From Paint Viscosity to mouth feel of yogurt, how Rheology testing can help create the optimum product.
Welcome to my first blog. I’m Steve Carrington, product marketing manager at Malvern Instruments for our range of rheology instruments. Whilst I wouldn’t consider myself to be a rheologist by training, my university research was involved in assessing microstructural changes in complex fluids that ultimately give rise to the fascinating bulk deformation and flow properties that such systems exhibit. Take for example stable paints and smooth chocolate, which as well as being perfect ingredients for a weekend of decorating, are also systems of scientific interest; just two of the myriad products whose performance is in large part defined by their rheology.
In preceding posts, Paul Kippax has been exploring the links between different material characterization techniques. Here I’m going to continue that theme by examining the links between particle size and rheology, a subject that will feature regularly on the Malvern blog.
Creamy yoghurt, effective medicines and perfect paint viscosity
I think it’s helpful to set any discussion about rheology in a practical context before getting in too deep. If you’re a scientist or engineer then your first encounter with the topic may have involved a lot of Greek, and little context, and that’s a shame because it is, for many industries, a most relevant discipline.
When we talk about rheology, we’re talking about the science of flow and deformation – extrusion of molten polymers, suspending bubbles in a shower gel, grout sticking to the wall rather than slumping, controlling ink flow through a printer head – as well as the thickness of your yoghurt, the stability of your medicine or paint formulations, and the feel of chocolate as it melts in your mouth.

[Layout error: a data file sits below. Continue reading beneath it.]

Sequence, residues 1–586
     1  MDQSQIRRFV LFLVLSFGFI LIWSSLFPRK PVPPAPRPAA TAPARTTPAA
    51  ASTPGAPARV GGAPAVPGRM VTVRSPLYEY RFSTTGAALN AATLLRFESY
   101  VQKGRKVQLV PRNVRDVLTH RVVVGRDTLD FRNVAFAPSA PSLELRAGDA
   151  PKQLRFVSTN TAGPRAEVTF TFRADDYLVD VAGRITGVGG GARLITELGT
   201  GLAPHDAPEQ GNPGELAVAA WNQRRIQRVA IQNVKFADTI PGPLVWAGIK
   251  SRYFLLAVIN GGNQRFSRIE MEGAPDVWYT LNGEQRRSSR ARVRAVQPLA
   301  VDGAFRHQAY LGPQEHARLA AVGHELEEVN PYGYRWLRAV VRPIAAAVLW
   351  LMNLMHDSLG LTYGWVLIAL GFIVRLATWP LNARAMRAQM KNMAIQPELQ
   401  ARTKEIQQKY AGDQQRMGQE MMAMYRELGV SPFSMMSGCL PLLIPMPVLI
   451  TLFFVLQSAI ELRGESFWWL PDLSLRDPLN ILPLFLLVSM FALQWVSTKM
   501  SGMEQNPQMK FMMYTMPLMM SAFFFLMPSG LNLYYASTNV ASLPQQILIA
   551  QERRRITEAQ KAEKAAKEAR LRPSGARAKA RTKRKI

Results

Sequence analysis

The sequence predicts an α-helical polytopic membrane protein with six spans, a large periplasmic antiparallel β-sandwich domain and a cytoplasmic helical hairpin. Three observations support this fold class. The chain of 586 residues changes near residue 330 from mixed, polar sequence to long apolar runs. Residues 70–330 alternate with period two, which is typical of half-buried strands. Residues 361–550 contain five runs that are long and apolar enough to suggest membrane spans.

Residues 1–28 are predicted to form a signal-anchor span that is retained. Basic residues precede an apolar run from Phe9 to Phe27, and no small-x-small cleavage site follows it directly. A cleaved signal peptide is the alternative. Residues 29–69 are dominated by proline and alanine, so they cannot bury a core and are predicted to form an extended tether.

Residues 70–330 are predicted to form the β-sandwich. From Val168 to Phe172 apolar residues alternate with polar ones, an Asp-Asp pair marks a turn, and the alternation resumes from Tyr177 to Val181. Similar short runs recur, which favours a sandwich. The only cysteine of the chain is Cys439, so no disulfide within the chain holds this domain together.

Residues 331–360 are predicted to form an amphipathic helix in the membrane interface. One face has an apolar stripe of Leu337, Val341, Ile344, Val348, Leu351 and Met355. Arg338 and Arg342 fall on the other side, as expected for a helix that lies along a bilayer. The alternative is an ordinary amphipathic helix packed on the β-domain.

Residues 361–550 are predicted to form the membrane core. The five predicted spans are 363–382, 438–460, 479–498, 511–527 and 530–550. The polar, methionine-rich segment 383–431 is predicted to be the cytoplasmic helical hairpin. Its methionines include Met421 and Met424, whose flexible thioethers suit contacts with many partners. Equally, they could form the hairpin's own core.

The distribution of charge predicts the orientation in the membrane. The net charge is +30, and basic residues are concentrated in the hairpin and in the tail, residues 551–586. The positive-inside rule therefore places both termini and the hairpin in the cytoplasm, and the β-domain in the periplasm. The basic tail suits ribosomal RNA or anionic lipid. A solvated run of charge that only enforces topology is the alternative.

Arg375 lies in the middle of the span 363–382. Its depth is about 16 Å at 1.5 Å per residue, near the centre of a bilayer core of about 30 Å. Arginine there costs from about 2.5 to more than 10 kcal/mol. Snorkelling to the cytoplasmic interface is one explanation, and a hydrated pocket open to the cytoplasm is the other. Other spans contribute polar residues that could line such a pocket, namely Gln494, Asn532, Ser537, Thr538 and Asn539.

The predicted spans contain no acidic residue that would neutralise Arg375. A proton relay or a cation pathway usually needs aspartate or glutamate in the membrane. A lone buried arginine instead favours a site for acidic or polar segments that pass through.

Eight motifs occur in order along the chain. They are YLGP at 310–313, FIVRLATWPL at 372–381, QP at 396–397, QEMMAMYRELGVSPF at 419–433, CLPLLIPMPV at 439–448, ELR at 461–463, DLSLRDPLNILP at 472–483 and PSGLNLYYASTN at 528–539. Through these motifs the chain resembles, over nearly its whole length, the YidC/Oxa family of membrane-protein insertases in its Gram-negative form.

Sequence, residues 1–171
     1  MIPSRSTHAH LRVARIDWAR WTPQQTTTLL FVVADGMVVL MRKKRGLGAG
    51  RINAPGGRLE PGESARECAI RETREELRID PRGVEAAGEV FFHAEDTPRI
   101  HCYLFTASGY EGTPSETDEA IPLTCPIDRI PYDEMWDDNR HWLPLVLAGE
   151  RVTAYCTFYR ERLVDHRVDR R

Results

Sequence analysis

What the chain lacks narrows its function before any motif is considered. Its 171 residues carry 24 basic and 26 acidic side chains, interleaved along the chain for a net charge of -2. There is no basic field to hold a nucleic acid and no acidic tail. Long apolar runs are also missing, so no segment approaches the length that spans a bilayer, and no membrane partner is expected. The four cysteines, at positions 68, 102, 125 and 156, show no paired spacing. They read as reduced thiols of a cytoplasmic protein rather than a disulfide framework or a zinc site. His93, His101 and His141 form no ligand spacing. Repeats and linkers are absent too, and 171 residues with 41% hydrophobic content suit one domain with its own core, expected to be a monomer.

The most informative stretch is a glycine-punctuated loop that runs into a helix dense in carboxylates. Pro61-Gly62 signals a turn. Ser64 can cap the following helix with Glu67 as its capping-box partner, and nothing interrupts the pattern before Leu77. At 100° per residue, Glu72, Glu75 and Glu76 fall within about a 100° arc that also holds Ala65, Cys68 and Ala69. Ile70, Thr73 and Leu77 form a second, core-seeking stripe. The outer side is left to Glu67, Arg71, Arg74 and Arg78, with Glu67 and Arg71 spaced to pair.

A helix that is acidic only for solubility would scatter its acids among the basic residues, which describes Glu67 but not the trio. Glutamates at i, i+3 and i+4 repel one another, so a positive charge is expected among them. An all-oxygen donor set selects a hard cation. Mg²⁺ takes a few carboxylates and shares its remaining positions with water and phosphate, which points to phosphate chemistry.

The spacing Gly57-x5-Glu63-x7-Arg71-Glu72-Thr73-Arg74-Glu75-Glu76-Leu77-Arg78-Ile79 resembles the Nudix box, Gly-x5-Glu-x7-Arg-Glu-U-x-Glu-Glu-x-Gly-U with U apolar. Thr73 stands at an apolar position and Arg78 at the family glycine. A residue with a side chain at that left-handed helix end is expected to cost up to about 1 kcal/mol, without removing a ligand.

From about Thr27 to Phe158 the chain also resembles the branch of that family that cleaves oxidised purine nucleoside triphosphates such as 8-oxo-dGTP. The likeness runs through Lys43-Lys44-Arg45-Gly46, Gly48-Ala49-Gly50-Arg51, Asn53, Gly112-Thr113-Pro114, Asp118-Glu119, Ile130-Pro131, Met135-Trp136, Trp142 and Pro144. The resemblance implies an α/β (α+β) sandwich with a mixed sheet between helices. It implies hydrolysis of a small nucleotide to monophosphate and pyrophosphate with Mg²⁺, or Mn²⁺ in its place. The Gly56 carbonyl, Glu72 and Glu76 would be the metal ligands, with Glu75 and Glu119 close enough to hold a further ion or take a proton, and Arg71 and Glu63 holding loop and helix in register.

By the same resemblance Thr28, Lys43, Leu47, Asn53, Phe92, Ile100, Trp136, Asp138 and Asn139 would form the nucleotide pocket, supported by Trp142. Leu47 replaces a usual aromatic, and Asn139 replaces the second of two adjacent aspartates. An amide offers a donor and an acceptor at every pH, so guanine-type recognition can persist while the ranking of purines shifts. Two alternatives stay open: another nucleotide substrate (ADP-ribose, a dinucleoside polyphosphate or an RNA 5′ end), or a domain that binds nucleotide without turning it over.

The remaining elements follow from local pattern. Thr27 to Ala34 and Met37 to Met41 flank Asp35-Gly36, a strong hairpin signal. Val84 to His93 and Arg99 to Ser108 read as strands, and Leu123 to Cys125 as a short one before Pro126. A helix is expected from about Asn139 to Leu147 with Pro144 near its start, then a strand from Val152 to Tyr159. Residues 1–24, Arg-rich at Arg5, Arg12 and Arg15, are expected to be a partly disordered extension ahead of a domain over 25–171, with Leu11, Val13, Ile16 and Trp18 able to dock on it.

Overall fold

While rheology has its roots in the polymer industry, the four products I’ve chosen to highlight in my headings exemplify the dispersed systems to which rheological know-how is now more routinely applied. Very many consumer products are two-phase systems – emulsions or suspensions – with rheology that is very closely controlled.
Using particle size to manipulate rheology in paint and more.
Particle size – of particulates in a suspension or droplets in an emulsion – is just one property that formulators can vary to achieve the rheology they are looking for. We have an Inform paper that covers this topic in some detail : ‘10 ways to control rheology by changing particle properties’. Here however, by returning to my example of paint, I’m going to provide a very simple illustration of what can be done.
Paint Viscosity On Paint Performance
The viscosity of paint, which is essentially a suspension of pigment and other ingredients, is a key performance parameter. In fact, we ask a great deal from paint formulators. We prefer paint that doesn’t drip and that remains uniform when stored in a can for some time. But, we don’t want to have to work too hard when we’re painting. so we need thick, viscous paint under certain circumstances that becomes less viscous, easier to move, under others. The viscosity profile for paint is therefore closely defined.
One trend is away from solvent-based systems towards those formulated with water – a more environmentally benign option. A disadvantage of water is that it is less volatile than organic solvents. Increasing solids loading is therefore an important strategy when producing paints that won’t take forever to dry.
Simply increasing solids loading increases the viscosity of the paint, potentially creating a mismatch between the viscosity profile we want and what we actually get. One way around this is to modify the particle size of the suspended ingredients. For a given solids loading, coarser particles, and/or a broader particle size distribution will give lower viscosity.
Using rheology and particle size measurement together it becomes easier to balance a paint formulation towards a successful outcome. And this is the case for many dispersed systems. Particle size and rheology go hand–in-hand for those formulating suspensions and emulsions for improved product performance.
Why not share your experiences of balancing particle size and rheology – or other parameters? Please leave a comment below.